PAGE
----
In a strange twist of fate I was contacted by the grand daughter of one of my grandmother’s first cousins who emigrated to Canada in the early 1900s. Heather Love is Canadian but lives in Ireland at the moment. Heather and I are related through the same great great grandparents (48). They were James Love, born 1823 and Sarah Love (nee Durrant) born 1824. James was a master butcher and Sarah was descended from French Huguenots (who were persecuted by French Catholics in the late 1600s). Belinda, Helen and myself met up with Heather and her friends at Chideock on Boxing Day. Her grandfather Clement Love was born at the old Castle Inn in 1892. (49, 50). Clement’s father James Love was the publican at the Castle – and a butcher. (51) This shows the Inn in about 1900 with James Love at the right in the doorway. This closed as a public house in the 1988. We also visited the churchyard and found Heather’s great grandparents’ grave (James Love and Harriett Love (nee Chedd) – born 1856 and 1848 respectively). (52) Belinda’s and my great grandmother Sarah Chedd (nee Love) was James Love’s sister. Helen’s great great grand grandmother (Susannah Catherine Barnes (nee Love)) was also James Love’s sister. We rounded off the visit by going for lunch at the George Inn, Chideock and tucked into a delicious meal and talked non stop! (53)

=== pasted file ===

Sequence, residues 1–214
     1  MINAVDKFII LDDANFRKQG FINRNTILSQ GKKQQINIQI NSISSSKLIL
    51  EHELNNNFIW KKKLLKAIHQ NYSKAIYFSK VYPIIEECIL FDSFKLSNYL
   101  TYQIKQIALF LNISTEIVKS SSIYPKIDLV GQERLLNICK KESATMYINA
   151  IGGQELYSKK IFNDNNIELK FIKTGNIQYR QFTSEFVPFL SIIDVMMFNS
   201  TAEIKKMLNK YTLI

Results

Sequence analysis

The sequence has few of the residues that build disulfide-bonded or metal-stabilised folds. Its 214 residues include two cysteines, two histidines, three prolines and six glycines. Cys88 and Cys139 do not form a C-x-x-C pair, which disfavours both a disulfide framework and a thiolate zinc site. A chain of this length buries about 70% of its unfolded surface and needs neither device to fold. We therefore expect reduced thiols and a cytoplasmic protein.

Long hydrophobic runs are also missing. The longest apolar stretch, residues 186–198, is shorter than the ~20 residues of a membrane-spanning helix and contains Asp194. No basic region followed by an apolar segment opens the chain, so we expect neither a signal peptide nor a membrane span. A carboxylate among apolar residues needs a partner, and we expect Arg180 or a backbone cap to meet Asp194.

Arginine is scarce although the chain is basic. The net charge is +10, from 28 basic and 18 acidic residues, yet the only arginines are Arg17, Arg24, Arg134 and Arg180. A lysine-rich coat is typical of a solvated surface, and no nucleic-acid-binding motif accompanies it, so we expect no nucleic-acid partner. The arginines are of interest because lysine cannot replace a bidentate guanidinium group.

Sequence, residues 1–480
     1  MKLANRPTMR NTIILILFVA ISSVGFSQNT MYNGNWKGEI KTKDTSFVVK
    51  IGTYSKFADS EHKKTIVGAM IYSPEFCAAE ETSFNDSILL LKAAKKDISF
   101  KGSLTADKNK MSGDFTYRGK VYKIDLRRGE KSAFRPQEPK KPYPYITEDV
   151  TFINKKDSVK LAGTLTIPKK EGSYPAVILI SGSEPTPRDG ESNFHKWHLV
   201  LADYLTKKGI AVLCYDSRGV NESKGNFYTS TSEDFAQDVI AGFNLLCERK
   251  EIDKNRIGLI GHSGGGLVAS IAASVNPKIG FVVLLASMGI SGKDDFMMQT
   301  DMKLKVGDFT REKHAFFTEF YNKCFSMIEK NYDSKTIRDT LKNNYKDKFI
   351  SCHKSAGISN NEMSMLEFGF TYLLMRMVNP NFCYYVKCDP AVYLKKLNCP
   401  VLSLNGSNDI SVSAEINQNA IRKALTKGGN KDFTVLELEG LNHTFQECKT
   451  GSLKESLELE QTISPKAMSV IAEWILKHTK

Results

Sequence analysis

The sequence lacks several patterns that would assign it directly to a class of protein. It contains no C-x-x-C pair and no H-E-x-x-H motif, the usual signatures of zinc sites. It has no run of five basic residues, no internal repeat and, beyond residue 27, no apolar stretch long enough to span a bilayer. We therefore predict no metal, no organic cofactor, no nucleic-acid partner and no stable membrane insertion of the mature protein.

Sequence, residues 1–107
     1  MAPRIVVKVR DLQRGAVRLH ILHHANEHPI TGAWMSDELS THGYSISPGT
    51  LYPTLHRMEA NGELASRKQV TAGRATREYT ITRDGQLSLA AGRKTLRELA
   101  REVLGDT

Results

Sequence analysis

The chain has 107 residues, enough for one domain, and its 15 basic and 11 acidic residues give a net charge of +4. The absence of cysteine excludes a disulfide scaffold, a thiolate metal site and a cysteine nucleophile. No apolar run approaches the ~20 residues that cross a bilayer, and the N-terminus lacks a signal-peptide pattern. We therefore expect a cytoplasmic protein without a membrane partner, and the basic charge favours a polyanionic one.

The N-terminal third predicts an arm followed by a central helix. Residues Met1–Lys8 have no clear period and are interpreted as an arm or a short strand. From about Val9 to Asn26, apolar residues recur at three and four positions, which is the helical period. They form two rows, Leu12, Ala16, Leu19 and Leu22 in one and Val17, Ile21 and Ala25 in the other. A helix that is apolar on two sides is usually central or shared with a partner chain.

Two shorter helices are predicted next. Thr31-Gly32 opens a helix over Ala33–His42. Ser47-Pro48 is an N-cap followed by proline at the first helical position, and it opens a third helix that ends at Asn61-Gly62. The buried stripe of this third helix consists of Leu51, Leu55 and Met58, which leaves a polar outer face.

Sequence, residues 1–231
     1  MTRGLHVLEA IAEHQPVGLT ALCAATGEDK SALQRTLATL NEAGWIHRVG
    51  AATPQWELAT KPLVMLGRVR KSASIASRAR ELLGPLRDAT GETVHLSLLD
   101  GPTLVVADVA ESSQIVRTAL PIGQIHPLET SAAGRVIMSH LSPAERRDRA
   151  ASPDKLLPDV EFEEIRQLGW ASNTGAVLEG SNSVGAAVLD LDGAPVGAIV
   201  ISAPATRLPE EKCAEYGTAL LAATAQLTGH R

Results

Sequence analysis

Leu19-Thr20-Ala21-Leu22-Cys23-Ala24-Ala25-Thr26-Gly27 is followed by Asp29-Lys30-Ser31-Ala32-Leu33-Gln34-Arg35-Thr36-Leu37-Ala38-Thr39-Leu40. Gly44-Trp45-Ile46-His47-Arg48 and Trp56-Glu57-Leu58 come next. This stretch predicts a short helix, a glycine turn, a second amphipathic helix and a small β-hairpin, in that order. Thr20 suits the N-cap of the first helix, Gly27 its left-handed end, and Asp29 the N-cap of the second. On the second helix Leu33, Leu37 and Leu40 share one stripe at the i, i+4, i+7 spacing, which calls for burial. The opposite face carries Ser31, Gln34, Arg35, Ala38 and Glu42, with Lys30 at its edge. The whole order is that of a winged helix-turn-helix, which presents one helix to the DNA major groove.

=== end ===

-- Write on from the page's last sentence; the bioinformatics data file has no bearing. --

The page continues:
James and Harriett Love had ten children between 1878 and 1894. Of those ten six emigrated to Canada and stayed there. The Love family bible has entries of Love births dating back to the early 1800s which includes everyone mentioned above. As a family historian Heather’s visit made my Christmas – linking up Love descendants across the Atlantic was really exciting.

Below is a very basic Love family tree showing how Heather, Helen, Belinda and I are linked in case you are confused.



Thank you to the people who helped me with research for this newsletter: Ian Chang, Henry Tan, Pauline Bale, Belinda Bailey, Helen Doble, Humphrey Walwyn, Caroline Lambert and Heather Love.